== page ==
Khmer Girls in Action (KGA) will celebrate its 20th anniversary this year. The Cambodian young women and girls led organization began in Long Beach as a project, and has developed into a strong support system for the community — raising and voicing issues impacting the Southeast Asian community.
“We have historical roots in Long Beach, and we’re really proud of that,” Lian Cheun, KGA executive director said
KGA began in 1997, as HOPE for Girls, a Cambodian young women’s reproductive health and empowerment project. As the organization evolved, KGA developed into a platform to empower young Southeast Asian women to become social justice organizers who can address the needs of their communities.
“We’re really excited because when we were founded 20 years ago, we started as a project, supporting the 1.5 generation of young Cambodian girls; many who came as refugees,” Cheun said.
The 1.5-generation refers to the people who arrived in the United States as children and adolescents, such as Cheun. Cheun, a 1.5-generation refugee from Oakland, currently serves as executive director for KGA, and has been involved with the organization for the past 9 years.
“There wasn’t a large Southeast Asian community in Oakland when I was growing up, and we didn’t have anything like KGA”, Cheun said. “I think for me, I grew up in that environment — I was socially conscious of the different challenges in the Cambodian community.”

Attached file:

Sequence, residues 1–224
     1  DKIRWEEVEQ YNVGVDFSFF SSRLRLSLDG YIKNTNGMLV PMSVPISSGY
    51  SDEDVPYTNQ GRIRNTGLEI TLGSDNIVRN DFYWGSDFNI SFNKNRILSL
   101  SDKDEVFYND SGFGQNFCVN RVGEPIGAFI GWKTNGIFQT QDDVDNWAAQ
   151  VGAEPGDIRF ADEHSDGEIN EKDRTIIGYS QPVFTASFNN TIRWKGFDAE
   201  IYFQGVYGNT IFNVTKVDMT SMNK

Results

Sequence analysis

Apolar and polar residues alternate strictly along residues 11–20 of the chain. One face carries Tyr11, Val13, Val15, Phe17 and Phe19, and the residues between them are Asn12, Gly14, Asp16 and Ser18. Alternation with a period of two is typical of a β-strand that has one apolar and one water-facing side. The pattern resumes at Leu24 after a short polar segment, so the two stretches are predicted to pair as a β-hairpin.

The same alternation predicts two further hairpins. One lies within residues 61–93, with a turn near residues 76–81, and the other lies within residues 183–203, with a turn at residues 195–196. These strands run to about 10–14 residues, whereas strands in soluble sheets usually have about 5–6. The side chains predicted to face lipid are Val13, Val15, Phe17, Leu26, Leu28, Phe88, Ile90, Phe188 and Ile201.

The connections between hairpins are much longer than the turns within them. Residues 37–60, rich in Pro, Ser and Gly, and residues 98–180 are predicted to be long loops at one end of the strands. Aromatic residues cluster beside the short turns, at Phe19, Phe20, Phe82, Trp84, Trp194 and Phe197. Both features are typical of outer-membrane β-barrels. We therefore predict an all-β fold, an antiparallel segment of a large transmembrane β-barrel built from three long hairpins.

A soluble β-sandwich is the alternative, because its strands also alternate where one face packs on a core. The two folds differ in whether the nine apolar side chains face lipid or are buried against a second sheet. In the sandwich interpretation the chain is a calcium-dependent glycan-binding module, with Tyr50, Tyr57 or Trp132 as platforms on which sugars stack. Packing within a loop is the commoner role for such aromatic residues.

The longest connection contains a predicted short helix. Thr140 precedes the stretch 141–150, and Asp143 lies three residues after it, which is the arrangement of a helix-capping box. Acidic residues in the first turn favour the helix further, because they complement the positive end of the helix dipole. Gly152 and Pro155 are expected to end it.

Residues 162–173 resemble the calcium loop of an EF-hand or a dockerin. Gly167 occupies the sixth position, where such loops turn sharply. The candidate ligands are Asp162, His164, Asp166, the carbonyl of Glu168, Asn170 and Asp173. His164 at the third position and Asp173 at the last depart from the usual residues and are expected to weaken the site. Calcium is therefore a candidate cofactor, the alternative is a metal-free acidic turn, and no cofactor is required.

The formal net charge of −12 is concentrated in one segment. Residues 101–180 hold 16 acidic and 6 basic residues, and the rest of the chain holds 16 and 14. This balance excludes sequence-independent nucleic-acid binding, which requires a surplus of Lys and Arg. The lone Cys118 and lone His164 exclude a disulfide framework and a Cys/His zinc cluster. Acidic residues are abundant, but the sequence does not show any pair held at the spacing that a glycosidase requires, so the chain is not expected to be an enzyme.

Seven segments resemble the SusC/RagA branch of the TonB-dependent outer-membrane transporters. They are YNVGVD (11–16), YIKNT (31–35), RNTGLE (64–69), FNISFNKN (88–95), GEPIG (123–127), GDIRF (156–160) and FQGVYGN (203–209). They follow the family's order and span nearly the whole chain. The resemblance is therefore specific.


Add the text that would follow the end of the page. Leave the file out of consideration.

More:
KGA receives a significant amount of support from the greater Asian Pacific community, one of the attributes that contributes to the success and sustainability of the organization.
“We receive a lot of love and support from the larger Cambodian community and the larger API community,” Cheun said.
KGA, which started as a small project, is now an established 501(C)(3) non-profit organization, with eight full-time staff members. As a youth-led organization, KGA offers young women an opportunity to make a real impact in the community. KGA takes a comprehensive approach to working with members, with programs that analyze gender, class, race, sexuality and culture. Programs include community organization, leadership development, cultural and media arts exploration, and individual and academic support.
The anniversary event will celebrate, reflect and honor KGA’s past, while imaging a more just future for the Long Beach community, Cheun said. Music, food, entertainment, prizes, and awards are a few things that attendees can look forward to.
Proceeds from tickets will support KGA’s mission to “build a progressive and sustainable Long Beach community that works for gender, racial and economic justice.”